The problem with the batch method is that an EDT almost always comes with a spray dispenser, and the dispenser is generally permanently attached to the bottle. Another drawback to making a batch is that you might want to vary the proportion of EDT in the mix, depending on the occasion.
I gave up the idea of making a bottle batch of EDT aftershave, and here I discuss only the method where you combine EDT and skincare ingredients on the spot after the shave.
Option 1: Use The Edt Directly
If you’re willing to forego the skincare aspect of an aftershave, you can use an EDT directly, though I don’t recommend this. If you take this approach, I suggest diluting the EDT somewhat. Use a few sprays to make a small pool into the palm of your hand and then add a little water; or you can apply the EDT directly to your damp face following the final rinse.
Option 2: Mix The Edt With A Balm
This is the approach I most often use. Put a little of the balm in the palm of your hand, spray it several times with the EDT, rub your hands together to mix the two, then apply it to your face. Using this method lets you vary the fragrance strength to suit the day and your plans: more sprays for a longer-lived fragrance, fewer sprays for a lighter fragrance.
Option 2a: Mix Your Aftershave Splash With A Balm
I routinely use a scentless balm with any aftershave splash that seems light on skincare — and in particular with any alcohol-based splash. Some mass-market aftershaves — Aqua Velva, Skin Bracer, and others — are long on alcohol and short on moisturizing ingredients. Those in particular I augment with a balm. In fact, unless the list of ingredients includes noticeable skincare assistance (like the aftershave splashes mentioned below), I’ll use a balm with the splash.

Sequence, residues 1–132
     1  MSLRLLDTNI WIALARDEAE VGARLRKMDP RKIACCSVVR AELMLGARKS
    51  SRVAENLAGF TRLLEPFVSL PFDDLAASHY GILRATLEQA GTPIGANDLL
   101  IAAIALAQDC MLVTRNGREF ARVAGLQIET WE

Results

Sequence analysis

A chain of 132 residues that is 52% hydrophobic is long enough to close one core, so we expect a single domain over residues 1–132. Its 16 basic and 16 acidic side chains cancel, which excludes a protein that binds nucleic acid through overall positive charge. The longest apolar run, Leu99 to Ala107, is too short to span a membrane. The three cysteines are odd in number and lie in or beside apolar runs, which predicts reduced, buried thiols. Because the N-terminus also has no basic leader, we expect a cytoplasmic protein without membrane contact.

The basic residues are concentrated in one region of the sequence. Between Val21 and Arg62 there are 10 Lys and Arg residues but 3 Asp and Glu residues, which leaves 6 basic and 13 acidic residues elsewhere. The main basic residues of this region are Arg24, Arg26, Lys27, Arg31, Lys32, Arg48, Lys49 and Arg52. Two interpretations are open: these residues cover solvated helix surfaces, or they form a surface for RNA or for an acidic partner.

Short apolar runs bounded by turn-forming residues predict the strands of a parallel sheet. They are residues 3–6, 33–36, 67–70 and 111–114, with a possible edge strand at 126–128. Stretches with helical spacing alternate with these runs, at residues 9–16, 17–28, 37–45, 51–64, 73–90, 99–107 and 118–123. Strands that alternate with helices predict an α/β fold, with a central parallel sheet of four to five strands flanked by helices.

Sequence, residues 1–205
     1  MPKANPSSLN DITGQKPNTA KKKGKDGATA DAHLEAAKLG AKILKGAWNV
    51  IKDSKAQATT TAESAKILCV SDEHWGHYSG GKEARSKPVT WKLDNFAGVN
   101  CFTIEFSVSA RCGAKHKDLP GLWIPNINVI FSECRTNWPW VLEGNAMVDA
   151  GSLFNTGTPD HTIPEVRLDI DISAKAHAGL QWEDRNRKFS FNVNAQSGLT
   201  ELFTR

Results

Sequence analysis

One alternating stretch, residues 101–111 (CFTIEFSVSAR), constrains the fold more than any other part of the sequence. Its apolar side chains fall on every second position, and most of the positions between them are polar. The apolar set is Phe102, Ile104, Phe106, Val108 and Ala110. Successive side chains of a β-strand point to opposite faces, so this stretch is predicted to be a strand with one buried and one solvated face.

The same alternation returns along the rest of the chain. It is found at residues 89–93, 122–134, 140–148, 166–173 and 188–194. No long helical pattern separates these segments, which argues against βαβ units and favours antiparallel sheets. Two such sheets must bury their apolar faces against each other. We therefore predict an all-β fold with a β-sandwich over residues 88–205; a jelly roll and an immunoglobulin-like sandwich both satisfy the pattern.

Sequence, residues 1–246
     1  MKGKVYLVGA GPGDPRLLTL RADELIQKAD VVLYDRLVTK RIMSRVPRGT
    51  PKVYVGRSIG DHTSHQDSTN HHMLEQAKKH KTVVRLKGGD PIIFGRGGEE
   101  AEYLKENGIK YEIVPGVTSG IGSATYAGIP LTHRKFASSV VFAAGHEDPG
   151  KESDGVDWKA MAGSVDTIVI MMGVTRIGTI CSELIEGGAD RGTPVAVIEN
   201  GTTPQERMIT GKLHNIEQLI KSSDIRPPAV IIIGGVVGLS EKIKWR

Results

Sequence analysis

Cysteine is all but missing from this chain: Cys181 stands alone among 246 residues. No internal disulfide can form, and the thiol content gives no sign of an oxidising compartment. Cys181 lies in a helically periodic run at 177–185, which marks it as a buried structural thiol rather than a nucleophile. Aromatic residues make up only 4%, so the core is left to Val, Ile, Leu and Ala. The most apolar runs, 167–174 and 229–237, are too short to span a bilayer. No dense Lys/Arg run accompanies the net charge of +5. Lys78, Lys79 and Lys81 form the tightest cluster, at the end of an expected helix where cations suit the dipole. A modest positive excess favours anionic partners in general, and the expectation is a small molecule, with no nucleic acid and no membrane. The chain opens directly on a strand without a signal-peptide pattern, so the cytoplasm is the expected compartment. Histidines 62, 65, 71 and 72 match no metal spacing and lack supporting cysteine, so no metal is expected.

I pour a little aftershave into my palm, add a couple of squirts of Hydrating Gel, rub my hands together to mix, and apply. My idea is to mitigate the effect of alcohol on my skin and amp up the moisturizing.
I skip the balm if the aftershave splash seems to do a good job of skincare — splashes like those made by Tallow + Steel, Southern Witchcrafts, Van Yulay, and others. For example, Tallow + Steel aftershave splashes include witch hazel, aloe vera, glycerin, willow bark extract, and cucumber extract; Southern Witchcrafts aftershave splashes include shea butter, castor oil, glycerin, coconut oil, jojoba oil, and liquid aloe. Van Yulay aftershave splashes have no alcohol at all; their ingredients are aloe vera, witch hazel, Abyssinian seed-emu-red castor-evening primrose-rosehip seed oils, comfrey, calendula, oat, marshmallow, green tea extracts, liquid silk, and fragrance.